I think, in a weird way, the goal for me is to offer at least one solution and that would be to say to my younger self, when I was 16 and was thinking about what I would do for a living and I didn’t know of examples of designers or people from my background in the fashion industry. And whenever I spoke to people, you know, career advisers, parents, teachers, they’d say, forget it.

I think this exhibition hopefully will demonstrate to 16 year-olds who are thinking about being in fashion that actually there is a possibility for them. And also that is not prescriptive just because you’re into fashion and you want to design as a Black creative doesn’t mean to say you have follow a certain path. But beyond that, I don’t think there are. I don’t think we’re trying to offer solutions. I think we’re trying to basically celebrate diversity and creativity. If you come away with a sense of possibility from having seen this show, then that’s the entire job.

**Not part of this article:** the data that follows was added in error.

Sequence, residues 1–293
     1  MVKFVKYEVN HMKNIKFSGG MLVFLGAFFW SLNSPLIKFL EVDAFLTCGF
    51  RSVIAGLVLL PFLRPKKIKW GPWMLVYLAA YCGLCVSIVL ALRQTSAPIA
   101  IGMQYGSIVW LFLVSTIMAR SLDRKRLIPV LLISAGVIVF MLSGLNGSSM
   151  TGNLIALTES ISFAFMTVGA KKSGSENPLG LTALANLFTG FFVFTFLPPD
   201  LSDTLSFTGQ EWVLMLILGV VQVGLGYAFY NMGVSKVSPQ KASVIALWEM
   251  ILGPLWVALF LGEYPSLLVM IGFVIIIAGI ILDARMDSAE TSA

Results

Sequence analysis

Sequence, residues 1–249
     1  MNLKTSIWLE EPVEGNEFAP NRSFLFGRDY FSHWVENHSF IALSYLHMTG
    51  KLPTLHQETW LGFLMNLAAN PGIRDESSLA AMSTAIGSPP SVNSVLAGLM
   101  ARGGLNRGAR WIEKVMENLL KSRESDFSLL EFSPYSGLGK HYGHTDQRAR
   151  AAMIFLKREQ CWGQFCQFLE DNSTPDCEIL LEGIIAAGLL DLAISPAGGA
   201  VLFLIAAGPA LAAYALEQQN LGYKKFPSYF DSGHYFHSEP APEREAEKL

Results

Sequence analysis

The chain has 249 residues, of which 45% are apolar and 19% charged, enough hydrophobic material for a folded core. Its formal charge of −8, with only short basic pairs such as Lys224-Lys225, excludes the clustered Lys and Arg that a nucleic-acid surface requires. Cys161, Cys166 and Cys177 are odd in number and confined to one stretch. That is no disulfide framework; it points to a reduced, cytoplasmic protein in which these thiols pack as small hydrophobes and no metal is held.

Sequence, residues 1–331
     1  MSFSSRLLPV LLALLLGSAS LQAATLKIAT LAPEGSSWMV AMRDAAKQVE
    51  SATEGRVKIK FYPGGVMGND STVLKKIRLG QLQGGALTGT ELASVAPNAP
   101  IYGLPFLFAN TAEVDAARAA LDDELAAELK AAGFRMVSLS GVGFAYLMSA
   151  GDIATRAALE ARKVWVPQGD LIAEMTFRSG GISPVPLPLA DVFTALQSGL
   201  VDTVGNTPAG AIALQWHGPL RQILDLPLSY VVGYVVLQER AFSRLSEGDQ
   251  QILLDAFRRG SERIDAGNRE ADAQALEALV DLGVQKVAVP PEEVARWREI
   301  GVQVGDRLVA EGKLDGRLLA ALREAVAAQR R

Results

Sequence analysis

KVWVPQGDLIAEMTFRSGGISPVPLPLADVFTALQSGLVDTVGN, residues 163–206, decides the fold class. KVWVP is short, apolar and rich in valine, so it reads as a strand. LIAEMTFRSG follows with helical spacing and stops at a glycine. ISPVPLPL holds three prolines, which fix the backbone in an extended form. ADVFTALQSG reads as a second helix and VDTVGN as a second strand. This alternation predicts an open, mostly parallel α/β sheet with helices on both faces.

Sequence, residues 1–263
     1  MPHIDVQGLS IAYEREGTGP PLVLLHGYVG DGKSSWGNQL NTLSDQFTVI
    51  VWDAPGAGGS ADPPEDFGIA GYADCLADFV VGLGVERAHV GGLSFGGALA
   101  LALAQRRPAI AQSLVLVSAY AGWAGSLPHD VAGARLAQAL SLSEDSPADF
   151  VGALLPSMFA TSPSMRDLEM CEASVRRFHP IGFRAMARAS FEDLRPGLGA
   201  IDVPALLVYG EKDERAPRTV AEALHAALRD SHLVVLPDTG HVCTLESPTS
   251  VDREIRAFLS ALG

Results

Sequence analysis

The Missing Thread: Jason James Talks about the Exhibition on Black British Fashion
Eileen Perrier’s Untitled, Afro Hair and Beauty Show, ‘The Missing Thread’. PA, David Parry

I love nail bars 100%, so the nail bar caught my attention. And I wanted to ask you, what can this night section tell us about beauty trends in pop culture today, or how are they influencing today’s culture?

Yeah, I guess that’s the other side that we didn’t really want to focus on, but it’s obviously evident. The fact is that a lot of what happens in terms of underground culture and Black culture is seen and appropriated by the mainstream and often colonised and separated from its original roots.

You can see that you can get a sense of the source of a lot of the trends and the ideas that are quite prevalent now from walking through that nail. But to me, it was a conversation about Black design and style and culture that was being had between Black people. And for a mainstream audience to come in and see it in the most authentic sense. So we’re not trying to address anything to appease or to interest the mainstream.